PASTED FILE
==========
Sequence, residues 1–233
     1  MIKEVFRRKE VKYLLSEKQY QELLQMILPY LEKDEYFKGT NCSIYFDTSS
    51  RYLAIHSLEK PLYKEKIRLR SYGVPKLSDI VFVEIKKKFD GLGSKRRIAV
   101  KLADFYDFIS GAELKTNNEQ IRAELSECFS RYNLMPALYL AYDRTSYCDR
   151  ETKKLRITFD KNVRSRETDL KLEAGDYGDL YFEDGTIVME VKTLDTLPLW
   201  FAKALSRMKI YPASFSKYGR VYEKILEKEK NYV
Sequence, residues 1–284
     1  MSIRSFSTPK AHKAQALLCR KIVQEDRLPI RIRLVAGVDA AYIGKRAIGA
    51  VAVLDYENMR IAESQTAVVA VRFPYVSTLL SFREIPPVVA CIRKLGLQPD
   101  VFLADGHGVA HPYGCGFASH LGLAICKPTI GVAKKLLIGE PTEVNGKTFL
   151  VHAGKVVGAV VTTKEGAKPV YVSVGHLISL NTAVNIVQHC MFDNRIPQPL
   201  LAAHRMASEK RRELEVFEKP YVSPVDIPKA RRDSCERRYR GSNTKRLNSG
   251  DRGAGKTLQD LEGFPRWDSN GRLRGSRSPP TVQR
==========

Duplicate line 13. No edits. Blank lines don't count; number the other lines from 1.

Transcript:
   251  DRGAGKTLQD LEGFPRWDSN GRLRGSRSPP TVQR